August 11 2021
In recent years, legislative requirements and customer demands have transformed the Automotive Industry into an environment characterised by rapid technological advancements perpetually accelerated by each innovation cycle. Every succession benefited the newest generation of vehicles through improved efficiency and safety while increasing support for environmental concerns as well as social and economic development. The current progress was enabled by well-established engineering knowledge combined with a series of development tools, amidst which simulation software is considered as one of the most essential. Consequently, research targeting simulation tools represents a fundamental prerequisite for increasing support for engineers dealing with the complex environment and further reducing inefficiencies part of the vehicle development process.
AVL has been one of the most important supporters of simulation technologies since their early beginnings. One of their latest contributions was marked by the 10th AVL Virtual International Simulation Conference, a central event targeting the latest trends and technological advancements for vehicle and powertrain simulation. The conference brought together hundreds of researchers and technical experts from across the globe to present the challenges and benefits of employing a series of simulation tools throughout the development process. For three days, an interactive virtual platform provided access to over 70 technical presentations, as well as roundtable discussions, keynote speeches and the opportunity to directly chat with the technical experts. The non-exhaustive list of topics targeted best practices for simulating a wide array of powertrain systems, ranging from internal combustion engines to battery and fuel cell systems, as well as the development of ADAS functions and digital twins for concept vehicles.
One of the most emergent areas of innovation featured by the event targeted the complete virtualisation of prototype vehicles throughout their development process. In the early stages, this approach allows a timely optimisation of the prototype as well as the opportunity to benchmark the concept against competitor vehicles. As hardware becomes progressively more available, the virtual twin allows a seamless transition between the real and virtual components, hence reducing integration efforts and enabling more representative testing procedures. Any data generated is then used to refine numerical models employed during later stages of development such as model-based calibration and function validation and verification. While this concept workflow significantly reduces cost and effort, it also presents as highly challenging to make readily available due to its requirements for flawless management of simulation and testing data as well as compatibility between platforms effective in providing suitable models throughout the process.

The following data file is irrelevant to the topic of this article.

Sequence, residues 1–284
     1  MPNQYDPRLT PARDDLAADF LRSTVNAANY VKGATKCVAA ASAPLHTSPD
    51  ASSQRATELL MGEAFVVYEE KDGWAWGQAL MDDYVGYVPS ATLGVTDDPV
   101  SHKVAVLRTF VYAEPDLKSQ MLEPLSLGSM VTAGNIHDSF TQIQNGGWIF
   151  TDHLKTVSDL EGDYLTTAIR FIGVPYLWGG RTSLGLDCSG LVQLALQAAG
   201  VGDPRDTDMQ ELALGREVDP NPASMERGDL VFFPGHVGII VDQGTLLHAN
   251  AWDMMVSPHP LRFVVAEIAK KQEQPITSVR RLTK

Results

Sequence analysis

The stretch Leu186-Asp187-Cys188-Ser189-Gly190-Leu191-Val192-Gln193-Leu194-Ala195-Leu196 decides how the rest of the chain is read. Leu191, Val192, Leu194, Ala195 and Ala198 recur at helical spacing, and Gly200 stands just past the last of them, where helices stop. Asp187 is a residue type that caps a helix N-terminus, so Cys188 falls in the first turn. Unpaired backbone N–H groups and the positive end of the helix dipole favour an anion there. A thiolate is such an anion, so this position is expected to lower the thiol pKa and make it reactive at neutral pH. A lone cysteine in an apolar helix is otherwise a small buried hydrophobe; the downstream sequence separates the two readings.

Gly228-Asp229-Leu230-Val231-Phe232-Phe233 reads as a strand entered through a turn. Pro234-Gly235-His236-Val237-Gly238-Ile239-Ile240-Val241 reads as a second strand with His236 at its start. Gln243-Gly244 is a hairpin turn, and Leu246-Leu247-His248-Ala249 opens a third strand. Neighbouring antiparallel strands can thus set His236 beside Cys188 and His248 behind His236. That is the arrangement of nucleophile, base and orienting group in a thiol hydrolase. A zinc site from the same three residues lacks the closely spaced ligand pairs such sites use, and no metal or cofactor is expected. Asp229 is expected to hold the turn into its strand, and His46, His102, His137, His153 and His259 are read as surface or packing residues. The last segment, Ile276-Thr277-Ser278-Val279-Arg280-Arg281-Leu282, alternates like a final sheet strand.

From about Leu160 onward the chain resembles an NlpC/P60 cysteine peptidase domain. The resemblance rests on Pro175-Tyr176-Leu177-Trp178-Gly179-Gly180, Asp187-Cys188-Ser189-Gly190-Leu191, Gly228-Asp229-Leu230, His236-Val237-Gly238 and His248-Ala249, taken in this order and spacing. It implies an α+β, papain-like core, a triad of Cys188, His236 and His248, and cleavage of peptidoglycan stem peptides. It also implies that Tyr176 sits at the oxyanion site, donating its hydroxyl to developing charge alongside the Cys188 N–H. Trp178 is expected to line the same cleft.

From a component-level perspective, the complete virtualisation of vehicle prototypes generally requires only simple models in the very early phases. However, detailed virtualisation of the vehicle capable of supporting the second half of the development cycle significantly increases the demand for technological advancements in producing fast and accurate models. One of the most relevant examples highlighted by the growing levels of electrification is represented by the battery system. During the first stages of development, only high-level technical specifications are being adjusted for the optimisation of various vehicle KPIs such as range, performance, and handling, while later stages require advanced battery models for the benefit of tasks such as validation of charging profiles, thermal management or ensuring performance levels for aged cells. Consequently, engineers are continuously challenged to formulate new model structures which accurately depict the internal states, mechanisms and interactions while demonstrating fast computation and global validity as well as effective automated parametrisation procedures for the models, capable of maximising information captured by a wide variety of datasets.
The benefits and challenges facing numerical simulations summarised by this article represent just a small sample of the unique learning opportunity provided for students and experts alike by this edition of AVL’s Virtual International Simulation Conference. The innovative ideas and perspectives promote further advancements for simulation tools helping mobility solutions to become safer and more efficient as well as increasingly sustainable for the environment. Furthermore, the event presented an invaluable opportunity to connect within an international network of technical experts and exchange viewpoints and ideas. We are looking forwards to the next edition currently scheduled to take place in Graz, Austria in the summer of 2023.
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